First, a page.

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Film Studies. Ed Sikov. Design for Motion. Austin Shaw. Timing for Animation.
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The Whole Story. Howard Beckerman. Carl Potts. Michael Rizzo. DSLR Cinema. Kurt Lancaster. Rick Schmidt. Michael Rabiger. Animation from Pencils to Pixels.
Tony White. Acting and Performance for Animation. Derek Hayes. Professional Storyboarding. Anson Jew. The Storyboard Artist.
Giuseppe Cristiano. Grammar of the Shot. Christopher J. Josef Steiff. Cinematography for Directors: A Guide for Creative Collaboration. Jacqueline Frost. Storytelling Techniques for Digital Filmmakers. Ross Hockrow.
Layout and Composition for Animation. Ed Ghertner. Grammar of the Edit. How to Make Animated Films. Practical Art of Motion Picture Sound. David Lewis Yewdall. Teaching Motion Design. Michael Dooley. The Filmmaker's Guide to Visual Effects.
Eran Dinur. Video Production Handbook. Jim Owens. Creative Motion Graphic Titling. Bill Byrne. My Happy Days in Hollywood. Garry Marshall.
Cut by Cut. Gael Chandler. The Location Sound Bible: Ric Viers. Animation Unleashed. Ellen Besen. Four Screenplays. Syd Field. Frame by Frame Stop Motion.
Tom Gasek. Joss Whedon. Amy Pascale. The Dictionary of New Media. The Practical Guide to Documentary Editing. Sam Billinge.
Creative Filmmaking from the Inside Out. Jed Dannenbaum. Filming the Fantastic: A Guide to Visual Effects Cinematography. Mark Sawicki. As If! Jen Chaney. Film and Video Editing.
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Directing for Film and Television. Christopher Lukas. Bill Kramer. Designing Sound for Animation. Robin Beauchamp.
Production Management for TV and Film. Linda Stradling. Filmmaking Essentials for Photographers. Eduardo Angel. In Egure 6. The change of size from shot to shot varies but is determined by the limits of identification. As long as we recognize that each shot is an overlapping portion of the wide shot, the change in scale is permissible. Actually, even this definition must take into account the change in editing styles over several decades.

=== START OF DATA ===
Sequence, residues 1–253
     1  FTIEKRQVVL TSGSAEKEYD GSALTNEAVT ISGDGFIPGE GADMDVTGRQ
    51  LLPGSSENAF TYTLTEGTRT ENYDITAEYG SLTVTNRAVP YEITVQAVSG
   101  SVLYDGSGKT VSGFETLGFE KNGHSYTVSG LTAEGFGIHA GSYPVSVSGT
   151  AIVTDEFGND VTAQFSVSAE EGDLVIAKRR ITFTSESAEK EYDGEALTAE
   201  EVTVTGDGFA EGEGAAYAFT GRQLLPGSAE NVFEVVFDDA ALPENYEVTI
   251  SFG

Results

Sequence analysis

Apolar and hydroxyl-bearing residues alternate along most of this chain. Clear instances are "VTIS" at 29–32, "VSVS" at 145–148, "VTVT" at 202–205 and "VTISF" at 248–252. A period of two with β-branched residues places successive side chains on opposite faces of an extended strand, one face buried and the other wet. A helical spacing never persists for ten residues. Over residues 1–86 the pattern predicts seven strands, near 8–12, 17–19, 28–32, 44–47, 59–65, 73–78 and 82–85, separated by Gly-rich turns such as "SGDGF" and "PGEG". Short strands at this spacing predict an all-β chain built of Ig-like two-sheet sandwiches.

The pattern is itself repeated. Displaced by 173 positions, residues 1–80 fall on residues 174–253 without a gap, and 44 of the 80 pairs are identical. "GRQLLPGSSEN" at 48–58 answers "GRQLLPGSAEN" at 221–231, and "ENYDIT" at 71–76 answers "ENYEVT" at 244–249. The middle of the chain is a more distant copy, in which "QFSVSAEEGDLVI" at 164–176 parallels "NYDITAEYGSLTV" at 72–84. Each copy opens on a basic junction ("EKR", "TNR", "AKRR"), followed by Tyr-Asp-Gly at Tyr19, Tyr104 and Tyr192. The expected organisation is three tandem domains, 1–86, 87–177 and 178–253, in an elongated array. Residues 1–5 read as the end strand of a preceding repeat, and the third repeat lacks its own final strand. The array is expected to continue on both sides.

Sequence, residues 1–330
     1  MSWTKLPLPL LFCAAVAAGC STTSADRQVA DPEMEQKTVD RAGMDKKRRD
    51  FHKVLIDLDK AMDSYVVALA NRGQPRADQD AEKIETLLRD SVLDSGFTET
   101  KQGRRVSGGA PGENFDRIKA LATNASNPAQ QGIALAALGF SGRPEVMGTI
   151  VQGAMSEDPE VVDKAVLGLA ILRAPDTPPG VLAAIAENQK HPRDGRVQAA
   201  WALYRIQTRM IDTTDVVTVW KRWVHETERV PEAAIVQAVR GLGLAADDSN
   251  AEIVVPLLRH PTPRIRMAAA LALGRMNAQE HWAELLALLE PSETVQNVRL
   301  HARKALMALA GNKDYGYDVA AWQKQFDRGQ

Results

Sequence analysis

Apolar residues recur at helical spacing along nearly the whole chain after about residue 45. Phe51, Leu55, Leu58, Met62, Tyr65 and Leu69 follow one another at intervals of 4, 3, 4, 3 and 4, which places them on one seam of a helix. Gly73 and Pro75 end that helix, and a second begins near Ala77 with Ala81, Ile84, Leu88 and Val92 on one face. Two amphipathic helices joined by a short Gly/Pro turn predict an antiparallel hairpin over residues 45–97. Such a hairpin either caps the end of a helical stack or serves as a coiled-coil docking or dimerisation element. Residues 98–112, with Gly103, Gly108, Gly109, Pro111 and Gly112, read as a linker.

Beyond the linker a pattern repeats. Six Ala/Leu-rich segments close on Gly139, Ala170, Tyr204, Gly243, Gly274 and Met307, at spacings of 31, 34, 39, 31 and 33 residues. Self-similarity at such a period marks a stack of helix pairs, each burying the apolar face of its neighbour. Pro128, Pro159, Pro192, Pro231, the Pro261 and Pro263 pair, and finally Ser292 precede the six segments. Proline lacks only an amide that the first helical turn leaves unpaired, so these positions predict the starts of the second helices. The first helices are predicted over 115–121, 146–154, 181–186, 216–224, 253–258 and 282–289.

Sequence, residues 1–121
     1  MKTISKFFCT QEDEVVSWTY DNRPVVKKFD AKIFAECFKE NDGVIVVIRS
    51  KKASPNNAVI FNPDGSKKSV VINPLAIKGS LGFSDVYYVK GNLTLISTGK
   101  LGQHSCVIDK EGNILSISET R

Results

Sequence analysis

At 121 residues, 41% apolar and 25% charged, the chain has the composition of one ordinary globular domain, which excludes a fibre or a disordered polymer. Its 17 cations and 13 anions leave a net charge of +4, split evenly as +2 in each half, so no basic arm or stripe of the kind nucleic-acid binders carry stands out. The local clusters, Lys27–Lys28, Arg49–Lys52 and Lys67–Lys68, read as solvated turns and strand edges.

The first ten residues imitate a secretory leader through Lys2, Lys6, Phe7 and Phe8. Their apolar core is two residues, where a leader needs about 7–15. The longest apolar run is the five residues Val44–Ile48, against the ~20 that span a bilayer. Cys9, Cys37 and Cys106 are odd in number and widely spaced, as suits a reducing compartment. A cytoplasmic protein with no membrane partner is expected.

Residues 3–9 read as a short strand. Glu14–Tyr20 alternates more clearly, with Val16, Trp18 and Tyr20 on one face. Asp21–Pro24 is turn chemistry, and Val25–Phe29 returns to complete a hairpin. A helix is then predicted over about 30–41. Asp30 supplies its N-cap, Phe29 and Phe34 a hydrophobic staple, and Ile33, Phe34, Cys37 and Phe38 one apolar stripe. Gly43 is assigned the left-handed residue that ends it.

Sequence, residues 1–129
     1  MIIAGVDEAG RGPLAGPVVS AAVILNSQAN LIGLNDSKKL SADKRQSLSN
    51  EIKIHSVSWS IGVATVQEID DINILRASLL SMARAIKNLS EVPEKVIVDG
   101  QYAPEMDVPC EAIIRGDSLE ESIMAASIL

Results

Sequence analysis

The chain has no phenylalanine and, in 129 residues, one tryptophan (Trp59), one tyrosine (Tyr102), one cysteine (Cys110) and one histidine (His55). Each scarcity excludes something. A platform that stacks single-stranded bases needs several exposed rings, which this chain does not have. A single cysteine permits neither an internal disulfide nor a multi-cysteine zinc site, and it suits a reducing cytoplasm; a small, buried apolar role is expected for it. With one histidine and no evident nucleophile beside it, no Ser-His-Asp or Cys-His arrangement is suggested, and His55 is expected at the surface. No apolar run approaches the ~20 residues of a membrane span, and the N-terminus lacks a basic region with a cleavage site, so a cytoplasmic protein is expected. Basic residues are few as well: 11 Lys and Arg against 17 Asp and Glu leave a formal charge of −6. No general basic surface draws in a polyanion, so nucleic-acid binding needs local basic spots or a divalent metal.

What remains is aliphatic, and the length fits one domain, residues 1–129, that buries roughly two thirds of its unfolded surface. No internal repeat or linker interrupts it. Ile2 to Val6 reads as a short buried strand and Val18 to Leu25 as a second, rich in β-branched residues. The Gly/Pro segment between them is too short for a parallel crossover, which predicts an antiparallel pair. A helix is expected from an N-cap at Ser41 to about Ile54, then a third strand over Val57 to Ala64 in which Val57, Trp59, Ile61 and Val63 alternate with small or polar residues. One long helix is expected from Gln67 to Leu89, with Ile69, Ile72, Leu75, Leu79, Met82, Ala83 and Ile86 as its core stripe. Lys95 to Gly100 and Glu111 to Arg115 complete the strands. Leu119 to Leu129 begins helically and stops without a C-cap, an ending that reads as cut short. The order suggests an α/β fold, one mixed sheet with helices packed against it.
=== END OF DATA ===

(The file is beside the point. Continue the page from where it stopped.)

The move from wide shot to close-up was considered too radical a jump for audiences during the first five decades of motion pictures unless a medium shot was used in between.
Hollywood editors were forbidden to juxtapose a wide shot with a close-up lest they confuse the audience as to where the dose-up was taking place. Today, afterseveral decades of familiarity with Hollywood conventions, audiences easily accept extreme changes in scale. If anything, it is likely that the conservative editing rules of the past lagged behind audience understanding. Visual recognition between shots, however, is only half the strategy of the continuity style.
Most often the relationship between shots is one of implication or inference. This is followed by a cut to an extreme dose-up of the man's hand turning the doorknob. Even if the doorknob was too small to attract our attention in the wide shot, we expect that it is connected to the previous shot since it makes logical sense,wen though we could k looking at another doorway in a different place and time.
Narrative logic and the visual connection between shots cooperate to create a In-Depth Frontal Positions In this next series of frames, an in-depth composition is used with a foreground player close to the camera.